CNN reporter Jim Sciutto challenged the White House's refusal to characterize U.S. troops deployed to Iraq and Syria as having "combat" roles, arguing they certainly appeared to have combat elements to their missions and President Obama had given an impression to the American people that they would never have one.
Spokesman Josh Earnest, during a briefing that focused on the news that the Obama administration is deploying special operations forces to Syria, repeatedly insisted they would be in "advise" and "train" roles to help local opposition fighters battle the Islamic State terror group.
"I think we've been quite specific about what our strategy is," Earnest said. "We have shown a desire to intensify our efforts behind those elements of our strategy that have shown the most promise. Building the capacity of local forces, particularly in northern Syria, has shown some promise, and this a further intensification of those efforts."
Sciutto asked Earnest to elaborate on what exactly their training, advising, and assisting local forces would entail.
"Are they going to be involved in some raids in northern Syria, potentially?" Sciutto asked.
"The role that they will have is to offer training, to offer advice, and to offer some assistance to local opposition fighters on the ground in Syria who are taking the fight to ISIL in their own country," Earnest said.
"This president, this White House, the officials here at this White House repeatedly, over and over again, made it clear to the American people that there would be no combat role for U.S. troops fighting ISIS," Sciutto said. "That appears to be changing. Not only is there this announcement that you're talking about today, which you say they won't be involved in a combat role but you're not ruling out the possibility that they may be involved in some sort of combat operation, but on the Iraq side, you have Pentagon officials saying, 'We're in combat.'"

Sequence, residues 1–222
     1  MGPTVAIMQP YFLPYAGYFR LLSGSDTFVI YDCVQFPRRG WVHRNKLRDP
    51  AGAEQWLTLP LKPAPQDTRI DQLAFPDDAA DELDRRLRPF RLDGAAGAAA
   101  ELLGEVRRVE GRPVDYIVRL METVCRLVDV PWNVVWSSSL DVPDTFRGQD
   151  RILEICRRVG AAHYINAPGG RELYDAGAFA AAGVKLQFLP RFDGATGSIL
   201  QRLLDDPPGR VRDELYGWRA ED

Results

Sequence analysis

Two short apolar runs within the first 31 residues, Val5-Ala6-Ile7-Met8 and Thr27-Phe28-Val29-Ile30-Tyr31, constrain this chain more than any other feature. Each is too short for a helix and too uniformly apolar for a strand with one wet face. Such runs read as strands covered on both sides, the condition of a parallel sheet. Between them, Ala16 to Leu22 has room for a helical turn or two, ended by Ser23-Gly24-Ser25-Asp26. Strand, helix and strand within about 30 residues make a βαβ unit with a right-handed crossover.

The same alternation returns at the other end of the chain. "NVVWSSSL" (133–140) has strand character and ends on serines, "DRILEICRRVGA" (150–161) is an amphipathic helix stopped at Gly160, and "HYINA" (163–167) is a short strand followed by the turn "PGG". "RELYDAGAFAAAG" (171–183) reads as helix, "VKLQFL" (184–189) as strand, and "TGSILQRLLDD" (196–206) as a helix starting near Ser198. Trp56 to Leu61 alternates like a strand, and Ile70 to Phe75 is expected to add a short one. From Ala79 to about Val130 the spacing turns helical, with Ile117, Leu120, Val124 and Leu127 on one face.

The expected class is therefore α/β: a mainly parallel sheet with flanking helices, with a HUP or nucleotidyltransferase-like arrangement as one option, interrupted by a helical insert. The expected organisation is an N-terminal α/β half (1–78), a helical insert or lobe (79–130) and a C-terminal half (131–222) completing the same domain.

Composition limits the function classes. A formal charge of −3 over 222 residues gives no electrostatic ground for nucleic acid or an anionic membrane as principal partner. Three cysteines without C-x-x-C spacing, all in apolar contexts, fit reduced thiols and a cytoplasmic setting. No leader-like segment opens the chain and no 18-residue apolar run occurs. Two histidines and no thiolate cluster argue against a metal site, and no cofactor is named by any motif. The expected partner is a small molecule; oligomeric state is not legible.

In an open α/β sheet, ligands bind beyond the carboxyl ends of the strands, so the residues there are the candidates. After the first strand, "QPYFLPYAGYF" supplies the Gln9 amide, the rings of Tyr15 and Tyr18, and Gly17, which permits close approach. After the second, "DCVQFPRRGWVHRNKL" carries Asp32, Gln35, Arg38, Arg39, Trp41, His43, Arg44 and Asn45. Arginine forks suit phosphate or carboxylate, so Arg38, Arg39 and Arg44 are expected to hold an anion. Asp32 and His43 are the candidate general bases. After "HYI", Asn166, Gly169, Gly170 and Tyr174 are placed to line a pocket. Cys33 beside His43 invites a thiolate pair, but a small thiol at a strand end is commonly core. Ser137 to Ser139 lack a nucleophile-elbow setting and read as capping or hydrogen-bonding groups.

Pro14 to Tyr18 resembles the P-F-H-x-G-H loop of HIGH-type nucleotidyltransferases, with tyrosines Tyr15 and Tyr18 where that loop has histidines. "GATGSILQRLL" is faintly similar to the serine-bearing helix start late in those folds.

Give us "a moment of clarity," Sciutto asked, and acknowledge the mission has changed.
"To say that, Jim, would only confuse the situation," Earnest said. "The fact of the matter is the mission that the commander-in-chief has given our military personnel in Iraq and now in Syria is a train, advise and assist mission, and we have gone to great lengths to make clear that in no way diminishes the amount of risk that our men and women in uniform will be facing."
"You're denying that at the onset of this military operation against ISIS that the impression was not given to the American people that there would not be a combat role," Sciutto asked? "At the onset of this, I think any rational person would conclude that the impression was given to the American people that there would not be a combat mission. It now appears there are going to be occasions, from time to time, where there will be a combat element to what U.S. troops are doing in Iraq and Syria. You're saying that's not the case?"
Earnest dodged the question by invoking differences between the Obama and Bush administrations, saying Obama "went to great lengths" to tell the American people that the strategy against Islamic State would be "substantially different" than the invasion of Iraq in 2003.
"That difference existed then, and that difference exists today," Earnest said. "The president has been quite clear about the fact that they do not have a combat mission. They have a training, advising and assist mission. That does mean that our men and women in uniform are going to be in harm's way."
Sciutto invoked the raid in Iraq last week where Master Sgt. Josh Wheeler was killed as an example of a combat role for U.S. troops. Earnest said those troops were in an "advise role."
"So when you're in an advice role, there is the potential for something like this to occur, where they may have to engage people in harm's way. That's reality," Sciutto said.
"That's already happened," Earnest said.